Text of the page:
Economic Policy

Is Trader Moni About Fighting Poverty Or Is It Just Politics?

The Nigerian government recently launched Trader Moni, which provides petty traders and artisans with collateral-free micro loans to help grow their businesses. James Ladi Williams examines the debate over Trader Moni fighting poverty or being another political maneuver.


Two weeks ago, Nigeria’s Vice President Yemi Osinbajo launched Trader Moni, the Nigerian government’s latest scheme to lift 87 million Nigerians out of extreme poverty. As part of the Government Enterprise and Empowerment Programme (GEEP), Trader Moni provides petty traders and artisans with collateral-free micro loans to help grow their businesses. The program targets the ultra-poor, which includes pepper sellers, mobile tailors, and wheelbarrow pushers. The loans range from N10,000 to N100,000 ($28 to $280) and are repayable in six months. Upon repayment, beneficiaries are expected to be eligible to receive larger loans. By providing capital to petty traders that lack access to traditional lending, the program aims to help people escape the poverty trap. It is projected to reach at least 30,000 traders in each of the 36 states and a total of 2 million people by the end of the year.

#TraderMoni has triggered polarizing debates in the country, especially online. While many laud the initiative as a legitimate poverty reduction strategy, others condemn it as a glaring attempt to swing voters in favor of the governing party, All Progressives Congress (APC), ahead of forthcoming state and federal elections in 2019. The September 3rd launch event took place in the south-western state of Osun, where governorship elections will hold in five days. Prospective beneficiaries attended the launch event in large numbers. The Osun state governor also spoke at the event, which could easily have been mistaken for a political campaign rally. “The Federal Government either failed to be Ethically Circumspect or in fact Deliberately decided to CORRUPT the Elections in Osun by handing out Cash to Traders on the heels of the State Elections,” tweeted Oby Ezekwesili, a former Minister of Education.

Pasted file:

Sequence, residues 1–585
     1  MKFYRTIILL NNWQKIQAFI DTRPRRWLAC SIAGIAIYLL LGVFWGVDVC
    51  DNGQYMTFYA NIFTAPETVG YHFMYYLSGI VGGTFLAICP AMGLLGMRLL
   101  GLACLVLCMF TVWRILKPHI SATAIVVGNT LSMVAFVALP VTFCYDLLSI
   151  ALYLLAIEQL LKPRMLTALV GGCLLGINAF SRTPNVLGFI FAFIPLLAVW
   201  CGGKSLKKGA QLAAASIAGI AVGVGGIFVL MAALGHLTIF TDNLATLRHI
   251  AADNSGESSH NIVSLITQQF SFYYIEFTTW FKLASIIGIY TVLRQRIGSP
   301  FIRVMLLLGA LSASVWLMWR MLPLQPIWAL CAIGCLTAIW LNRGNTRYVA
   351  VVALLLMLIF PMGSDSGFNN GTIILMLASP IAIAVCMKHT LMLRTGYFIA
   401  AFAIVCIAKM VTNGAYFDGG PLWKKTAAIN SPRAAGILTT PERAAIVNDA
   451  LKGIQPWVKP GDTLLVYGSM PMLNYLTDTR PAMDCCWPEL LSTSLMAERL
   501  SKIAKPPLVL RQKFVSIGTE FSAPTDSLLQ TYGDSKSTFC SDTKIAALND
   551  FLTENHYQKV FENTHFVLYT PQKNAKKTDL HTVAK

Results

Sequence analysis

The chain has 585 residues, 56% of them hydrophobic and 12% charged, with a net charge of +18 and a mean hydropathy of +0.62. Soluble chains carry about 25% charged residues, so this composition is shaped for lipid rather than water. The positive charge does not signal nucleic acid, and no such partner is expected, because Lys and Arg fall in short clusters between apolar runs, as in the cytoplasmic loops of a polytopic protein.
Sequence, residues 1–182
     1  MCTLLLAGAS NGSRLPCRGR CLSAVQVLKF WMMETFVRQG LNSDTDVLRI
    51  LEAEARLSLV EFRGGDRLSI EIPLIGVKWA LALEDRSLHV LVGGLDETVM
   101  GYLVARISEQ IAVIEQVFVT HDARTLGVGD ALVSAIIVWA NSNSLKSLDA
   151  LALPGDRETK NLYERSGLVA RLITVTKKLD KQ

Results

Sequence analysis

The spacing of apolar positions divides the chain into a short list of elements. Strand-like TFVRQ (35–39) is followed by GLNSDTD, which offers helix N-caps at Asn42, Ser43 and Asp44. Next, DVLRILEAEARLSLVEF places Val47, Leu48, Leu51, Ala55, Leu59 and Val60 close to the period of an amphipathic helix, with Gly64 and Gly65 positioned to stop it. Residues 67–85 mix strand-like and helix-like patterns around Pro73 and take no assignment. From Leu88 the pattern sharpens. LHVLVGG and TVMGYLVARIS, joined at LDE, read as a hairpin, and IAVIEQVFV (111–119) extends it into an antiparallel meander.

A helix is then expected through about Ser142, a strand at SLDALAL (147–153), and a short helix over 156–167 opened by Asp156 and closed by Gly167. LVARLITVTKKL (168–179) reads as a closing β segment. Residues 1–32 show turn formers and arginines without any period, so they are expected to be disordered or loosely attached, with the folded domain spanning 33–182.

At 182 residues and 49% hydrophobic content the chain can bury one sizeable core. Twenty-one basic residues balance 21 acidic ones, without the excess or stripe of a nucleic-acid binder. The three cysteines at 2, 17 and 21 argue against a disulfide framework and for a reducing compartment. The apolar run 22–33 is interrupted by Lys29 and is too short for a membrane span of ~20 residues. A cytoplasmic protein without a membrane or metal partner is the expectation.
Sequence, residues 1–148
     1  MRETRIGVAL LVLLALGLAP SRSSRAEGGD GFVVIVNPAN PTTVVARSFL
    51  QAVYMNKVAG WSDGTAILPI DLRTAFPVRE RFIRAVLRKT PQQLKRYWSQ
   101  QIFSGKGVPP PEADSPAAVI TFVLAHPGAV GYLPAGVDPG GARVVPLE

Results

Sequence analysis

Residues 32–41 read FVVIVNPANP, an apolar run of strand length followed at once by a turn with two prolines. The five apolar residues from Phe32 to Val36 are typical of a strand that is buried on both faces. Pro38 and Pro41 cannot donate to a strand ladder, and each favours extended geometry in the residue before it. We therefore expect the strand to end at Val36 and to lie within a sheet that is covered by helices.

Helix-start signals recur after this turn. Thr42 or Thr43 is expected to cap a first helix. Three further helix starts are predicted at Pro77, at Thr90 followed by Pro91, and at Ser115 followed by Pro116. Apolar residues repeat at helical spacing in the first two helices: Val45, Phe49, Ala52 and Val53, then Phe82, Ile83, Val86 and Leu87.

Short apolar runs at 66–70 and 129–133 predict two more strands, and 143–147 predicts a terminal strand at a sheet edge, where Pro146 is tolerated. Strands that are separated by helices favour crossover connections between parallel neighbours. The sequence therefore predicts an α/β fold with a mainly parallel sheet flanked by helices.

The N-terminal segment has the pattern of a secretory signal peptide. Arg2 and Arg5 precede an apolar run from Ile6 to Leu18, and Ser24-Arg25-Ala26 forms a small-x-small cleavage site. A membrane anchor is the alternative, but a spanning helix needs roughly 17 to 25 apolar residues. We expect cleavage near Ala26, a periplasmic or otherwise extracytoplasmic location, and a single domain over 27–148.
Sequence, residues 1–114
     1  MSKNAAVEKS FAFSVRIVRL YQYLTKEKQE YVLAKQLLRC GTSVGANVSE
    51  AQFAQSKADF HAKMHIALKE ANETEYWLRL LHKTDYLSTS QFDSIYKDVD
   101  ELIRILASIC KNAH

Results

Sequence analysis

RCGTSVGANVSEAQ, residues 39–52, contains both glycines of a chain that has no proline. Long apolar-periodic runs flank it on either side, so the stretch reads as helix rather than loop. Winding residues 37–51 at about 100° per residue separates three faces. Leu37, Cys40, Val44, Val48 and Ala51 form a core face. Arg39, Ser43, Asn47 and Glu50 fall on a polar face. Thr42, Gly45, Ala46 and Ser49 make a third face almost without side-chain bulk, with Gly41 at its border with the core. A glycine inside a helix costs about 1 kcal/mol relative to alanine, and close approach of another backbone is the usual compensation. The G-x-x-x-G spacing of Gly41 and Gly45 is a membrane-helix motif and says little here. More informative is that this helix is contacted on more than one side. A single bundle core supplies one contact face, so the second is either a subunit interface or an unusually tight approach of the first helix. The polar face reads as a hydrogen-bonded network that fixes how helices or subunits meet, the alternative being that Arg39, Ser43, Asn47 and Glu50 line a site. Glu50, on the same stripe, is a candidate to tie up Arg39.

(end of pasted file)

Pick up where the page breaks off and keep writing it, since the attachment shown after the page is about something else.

So, What’s The Truth?

On policy substance, Trader Moni does a couple of things well. First, it targets the right people: poor, hardworking traders. Many argue that a loan as small as N10,000 would make no difference. However, it is worth noting that there are about 20 million petty traders across the country, and for this segment of the population, such small loans might go a long way to support business growth and income gains. One loan could allow a trader to increase inventory and rent a shop.

Second, the program puts cash directly in the hands of those who really need it, without creating new government bureaucratic barriers. Responsibility for the financial management and implementation of Trader Moni falls on the Bank of Industry (BOI). As Nigeria’s largest development finance institution, BOI has a strong record of providing financial services to small businesses and possesses the technical capacity to implement the program. BOI is administering the loans through mobile phones: beneficiaries receive a phone alert when their loan is ready, at which point they can then cash the transfer at nearby mobile money agents or deposit it into their bank accounts.

In short, it appears that the Federal Government is making real investments in the infrastructure needed to give Trader Moni a chance at success. There is no telling yet whether the scheme will accomplish its goals; indeed, the mixed record of past micro-finance efforts around the world should temper our expectations for this one. What we do know, however, is that the government’s efforts have gone beyond the bare minimum needed if this were merely a political ploy.

What About The Politics?